Robert Redford is good at playing the veteran newsman teaching Michelle Peiffer (Savitch) the business. He does more than that, of course, being her lover and then her husband. With Redford, you know you are going to get a dose of Liberal politics in the mix and in here, it's let's-feel-sorry-for-the-prison inmates. The preaching is "they are in jail to be rehabilitated." Well, that sounds nice but whatever happened to jail as a form of punishment for someone committing a crime against someone else? Liberals - like Redford, who is never shy about giving us his views in movies like this - sometimes seem to have more compassion for thugs than they do victims of crime! He goes so far in here as to preach that if you don't treat prisoners with kid gloves you deserve to have a riot on your hands.
Outside of all that heavy-handedness, you get a nice romance with solid acting all around, not only from the two leads but the supporting case with people like Stockarrd Channnng, Joe Mantegna, Kate Nelligan, Glen Plummer and James Rebhorn.
I recommend it to everyone who crazy about romantic movies. And be ready to feel all spectrum of feelings with positive emotions.
In reading up on the film, I learned it was supposed to be based on the life of Jessica Savitch, a newscaster I remember quite well, although I forgot how she died. I have a feeling the producers/director were in a damned if we do, and damned if we don't situation here. They were inspired by Savitch's life story, but wanted to make a love story, instead. If they just told the love story, and weren't open about the Savitch angle, they'd be criticized. If they made it clear the story came from the Savitch bio, but didn't make it a documentary/fiction story, they'd be criticized as well. They should have just shut up about where the inspiration for the story came from.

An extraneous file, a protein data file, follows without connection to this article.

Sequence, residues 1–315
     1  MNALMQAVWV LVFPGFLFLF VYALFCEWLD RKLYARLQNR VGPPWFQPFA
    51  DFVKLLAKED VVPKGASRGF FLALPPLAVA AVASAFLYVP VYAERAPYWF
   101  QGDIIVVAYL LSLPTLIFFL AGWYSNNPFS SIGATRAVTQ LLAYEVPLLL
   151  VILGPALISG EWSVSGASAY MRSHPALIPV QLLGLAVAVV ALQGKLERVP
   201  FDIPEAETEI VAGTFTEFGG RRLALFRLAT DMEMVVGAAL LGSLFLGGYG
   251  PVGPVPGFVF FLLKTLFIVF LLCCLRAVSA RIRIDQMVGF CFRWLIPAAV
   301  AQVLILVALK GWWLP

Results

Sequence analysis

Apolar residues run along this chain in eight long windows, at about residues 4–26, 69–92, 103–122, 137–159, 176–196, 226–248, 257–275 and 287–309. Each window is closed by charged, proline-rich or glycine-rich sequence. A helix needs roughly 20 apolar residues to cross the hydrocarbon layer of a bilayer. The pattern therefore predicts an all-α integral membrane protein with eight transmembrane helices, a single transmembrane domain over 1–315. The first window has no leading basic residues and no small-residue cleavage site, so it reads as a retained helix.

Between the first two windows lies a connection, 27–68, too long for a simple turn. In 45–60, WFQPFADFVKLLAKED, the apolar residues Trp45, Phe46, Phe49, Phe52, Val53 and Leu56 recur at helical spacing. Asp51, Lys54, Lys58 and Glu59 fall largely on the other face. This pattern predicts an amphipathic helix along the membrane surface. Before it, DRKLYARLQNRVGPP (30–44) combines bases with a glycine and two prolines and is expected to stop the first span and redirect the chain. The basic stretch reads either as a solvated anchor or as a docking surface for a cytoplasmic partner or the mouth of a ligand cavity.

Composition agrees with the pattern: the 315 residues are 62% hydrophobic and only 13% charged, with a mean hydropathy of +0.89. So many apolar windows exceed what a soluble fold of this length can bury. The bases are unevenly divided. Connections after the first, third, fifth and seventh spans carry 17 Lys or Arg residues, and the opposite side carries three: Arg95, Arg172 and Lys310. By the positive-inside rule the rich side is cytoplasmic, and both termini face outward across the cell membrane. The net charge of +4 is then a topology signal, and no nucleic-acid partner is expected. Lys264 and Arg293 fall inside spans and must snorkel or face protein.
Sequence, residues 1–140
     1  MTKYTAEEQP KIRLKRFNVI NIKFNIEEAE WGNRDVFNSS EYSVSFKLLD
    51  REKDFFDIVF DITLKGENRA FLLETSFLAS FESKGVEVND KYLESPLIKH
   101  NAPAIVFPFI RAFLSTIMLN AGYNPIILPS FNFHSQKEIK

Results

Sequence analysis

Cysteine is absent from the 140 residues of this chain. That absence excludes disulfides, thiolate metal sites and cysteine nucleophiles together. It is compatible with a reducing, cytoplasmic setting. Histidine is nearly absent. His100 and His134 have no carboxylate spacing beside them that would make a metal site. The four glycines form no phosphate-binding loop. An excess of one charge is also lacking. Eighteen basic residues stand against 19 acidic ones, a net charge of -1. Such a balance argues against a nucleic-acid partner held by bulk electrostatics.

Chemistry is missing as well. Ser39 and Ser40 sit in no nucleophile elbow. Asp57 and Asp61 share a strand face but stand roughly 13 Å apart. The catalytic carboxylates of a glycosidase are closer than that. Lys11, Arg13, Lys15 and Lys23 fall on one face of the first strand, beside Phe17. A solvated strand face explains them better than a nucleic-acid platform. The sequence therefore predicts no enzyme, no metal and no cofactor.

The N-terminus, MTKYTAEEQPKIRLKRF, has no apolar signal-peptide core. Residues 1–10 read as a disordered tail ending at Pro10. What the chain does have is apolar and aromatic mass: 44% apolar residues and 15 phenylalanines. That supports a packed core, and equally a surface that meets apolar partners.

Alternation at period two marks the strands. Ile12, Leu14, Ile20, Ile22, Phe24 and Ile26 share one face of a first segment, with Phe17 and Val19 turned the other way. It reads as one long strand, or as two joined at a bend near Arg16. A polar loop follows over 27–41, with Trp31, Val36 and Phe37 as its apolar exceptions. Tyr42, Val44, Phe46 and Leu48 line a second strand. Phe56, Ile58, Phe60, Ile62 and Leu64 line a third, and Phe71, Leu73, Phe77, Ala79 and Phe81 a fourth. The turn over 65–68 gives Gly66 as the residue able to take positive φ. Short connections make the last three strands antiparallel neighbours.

I really liked the first third of this film and the last third of this film. The first third was great because it told the story of a wannabe reporter coming up through the ranks to become a respected reporter...led by her mentor (Robert Redford)...and throw in a bit of romance. The last third of the film was great because it was more about what hard-hitting journalism can be. The problem is the middle third where the couple (Redford and Michelle Pfeiffer) seem to fart around in terms of getting a relationship going. I found that middle third to be rather boring. Were they going to go forward as a couple? Yes, no, yes, no, yes, no. Jeez! Hence the "66%".
Now there are a lot of people who dislike the ending -- if it's a romantic film, why kill of a main character? If its a hard hitting story about the news, why lean so heavily into romance?
Perhaps the problem with the film is that when you begin watching it you think it's one thing -- a romance story with some humor...but then it turns deadly serious.
Another thing that would have helped would have been some timelines, particularly in Tally's time in Miami. It was difficult to get a sense of how long it took her to go from desk work, to weather, to reporter, etc.
Redford's acting here is superb. Redford, who was pretty much always at the top of his game, was here, also. Michelle Pfeiffer is very good, and the problem with her character seemed to be a petty attitude...but after all, she didn't write the script or direct the film. This is very much Redford's and Pfeiffer's film. Sure there are supporting actors, but none that have memorable roles, although their performances are all very good.
It seems as if this film suffered from a bit of an identity confusion. But I still liked it. I just didn't love it.
"Up Close & Personal" is one hundred percent a chick flick-but it is an effective one. With his new romantic drama director Jon Avnet has created a relevant, realistic, interesting behind-the-scenes look at news broadcasting, relationships, and journalism.
The story centers on a young energetic woman, named Sally Atwater, who, in desperation to find the job of her dreams, sends an application to be a television newscaster and work with the biggest names in the business. One of them is Warren Justice, played cleverly by Robert Redford, who lives an opposite life from the clumsy, tactless, and silly Sally. Of course she gets the job, falls in love with Warren, and experiences difficulties with her occupation as well as romance.